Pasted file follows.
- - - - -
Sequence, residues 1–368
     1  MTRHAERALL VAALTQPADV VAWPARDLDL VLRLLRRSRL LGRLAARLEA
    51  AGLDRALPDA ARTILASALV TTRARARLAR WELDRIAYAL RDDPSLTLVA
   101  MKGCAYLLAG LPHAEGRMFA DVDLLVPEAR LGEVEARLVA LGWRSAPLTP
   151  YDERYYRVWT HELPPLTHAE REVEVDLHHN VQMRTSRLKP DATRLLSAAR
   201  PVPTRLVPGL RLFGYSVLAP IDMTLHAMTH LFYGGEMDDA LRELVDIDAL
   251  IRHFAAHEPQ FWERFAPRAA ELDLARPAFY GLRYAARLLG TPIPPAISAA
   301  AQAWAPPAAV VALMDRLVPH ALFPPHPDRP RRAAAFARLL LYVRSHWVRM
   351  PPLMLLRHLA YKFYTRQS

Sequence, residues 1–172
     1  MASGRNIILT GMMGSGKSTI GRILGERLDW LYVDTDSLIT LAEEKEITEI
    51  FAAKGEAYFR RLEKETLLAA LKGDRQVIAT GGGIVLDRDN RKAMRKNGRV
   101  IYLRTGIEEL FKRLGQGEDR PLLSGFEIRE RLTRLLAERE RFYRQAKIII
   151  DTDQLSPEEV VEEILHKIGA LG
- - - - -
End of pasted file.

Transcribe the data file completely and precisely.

Sequence, residues 1–368
     1  MTRHAERALL VAALTQPADV VAWPARDLDL VLRLLRRSRL LGRLAARLEA
    51  AGLDRALPDA ARTILASALV TTRARARLAR WELDRIAYAL RDDPSLTLVA
   101  MKGCAYLLAG LPHAEGRMFA DVDLLVPEAR LGEVEARLVA LGWRSAPLTP
   151  YDERYYRVWT HELPPLTHAE REVEVDLHHN VQMRTSRLKP DATRLLSAAR
   201  PVPTRLVPGL RLFGYSVLAP IDMTLHAMTH LFYGGEMDDA LRELVDIDAL
   251  IRHFAAHEPQ FWERFAPRAA ELDLARPAFY GLRYAARLLG TPIPPAISAA
   301  AQAWAPPAAV VALMDRLVPH ALFPPHPDRP RRAAAFARLL LYVRSHWVRM
   351  PPLMLLRHLA YKFYTRQS

Sequence, residues 1–172
     1  MASGRNIILT GMMGSGKSTI GRILGERLDW LYVDTDSLIT LAEEKEITEI
    51  FAAKGEAYFR RLEKETLLAA LKGDRQVIAT GGGIVLDRDN RKAMRKNGRV
   101  IYLRTGIEEL FKRLGQGEDR PLLSGFEIRE RLTRLLAERE RFYRQAKIII
   151  DTDQLSPEEV VEEILHKIGA LG